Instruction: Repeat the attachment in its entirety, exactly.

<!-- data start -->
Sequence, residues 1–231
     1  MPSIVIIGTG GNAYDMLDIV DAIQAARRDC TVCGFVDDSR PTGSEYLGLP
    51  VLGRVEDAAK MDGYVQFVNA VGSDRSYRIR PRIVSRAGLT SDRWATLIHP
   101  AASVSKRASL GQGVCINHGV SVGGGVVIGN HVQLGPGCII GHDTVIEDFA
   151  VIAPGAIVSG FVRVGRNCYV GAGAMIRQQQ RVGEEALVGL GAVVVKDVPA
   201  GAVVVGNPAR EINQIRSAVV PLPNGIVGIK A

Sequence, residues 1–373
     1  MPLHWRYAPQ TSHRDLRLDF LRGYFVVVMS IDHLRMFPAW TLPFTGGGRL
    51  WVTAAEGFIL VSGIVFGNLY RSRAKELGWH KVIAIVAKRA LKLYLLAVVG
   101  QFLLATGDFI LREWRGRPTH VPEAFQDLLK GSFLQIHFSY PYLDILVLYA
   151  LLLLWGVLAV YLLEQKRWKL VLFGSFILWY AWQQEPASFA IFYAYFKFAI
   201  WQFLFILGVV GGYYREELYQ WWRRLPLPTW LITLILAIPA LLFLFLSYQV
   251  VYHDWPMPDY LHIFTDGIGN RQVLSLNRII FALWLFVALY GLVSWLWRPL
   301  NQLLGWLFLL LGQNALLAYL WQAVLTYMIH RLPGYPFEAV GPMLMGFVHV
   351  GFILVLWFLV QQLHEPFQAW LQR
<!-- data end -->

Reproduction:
Sequence, residues 1–231
     1  MPSIVIIGTG GNAYDMLDIV DAIQAARRDC TVCGFVDDSR PTGSEYLGLP
    51  VLGRVEDAAK MDGYVQFVNA VGSDRSYRIR PRIVSRAGLT SDRWATLIHP
   101  AASVSKRASL GQGVCINHGV SVGGGVVIGN HVQLGPGCII GHDTVIEDFA
   151  VIAPGAIVSG FVRVGRNCYV GAGAMIRQQQ RVGEEALVGL GAVVVKDVPA
   201  GAVVVGNPAR EINQIRSAVV PLPNGIVGIK A

Sequence, residues 1–373
     1  MPLHWRYAPQ TSHRDLRLDF LRGYFVVVMS IDHLRMFPAW TLPFTGGGRL
    51  WVTAAEGFIL VSGIVFGNLY RSRAKELGWH KVIAIVAKRA LKLYLLAVVG
   101  QFLLATGDFI LREWRGRPTH VPEAFQDLLK GSFLQIHFSY PYLDILVLYA
   151  LLLLWGVLAV YLLEQKRWKL VLFGSFILWY AWQQEPASFA IFYAYFKFAI
   201  WQFLFILGVV GGYYREELYQ WWRRLPLPTW LITLILAIPA LLFLFLSYQV
   251  VYHDWPMPDY LHIFTDGIGN RQVLSLNRII FALWLFVALY GLVSWLWRPL
   301  NQLLGWLFLL LGQNALLAYL WQAVLTYMIH RLPGYPFEAV GPMLMGFVHV
   351  GFILVLWFLV QQLHEPFQAW LQR